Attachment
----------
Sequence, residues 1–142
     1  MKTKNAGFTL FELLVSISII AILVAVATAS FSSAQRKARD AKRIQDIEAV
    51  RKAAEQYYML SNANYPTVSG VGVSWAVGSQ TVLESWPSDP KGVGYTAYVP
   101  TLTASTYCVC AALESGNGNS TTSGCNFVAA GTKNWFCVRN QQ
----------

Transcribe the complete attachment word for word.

Sequence, residues 1–142
     1  MKTKNAGFTL FELLVSISII AILVAVATAS FSSAQRKARD AKRIQDIEAV
    51  RKAAEQYYML SNANYPTVSG VGVSWAVGSQ TVLESWPSDP KGVGYTAYVP
   101  TLTASTYCVC AALESGNGNS TTSGCNFVAA GTKNWFCVRN QQ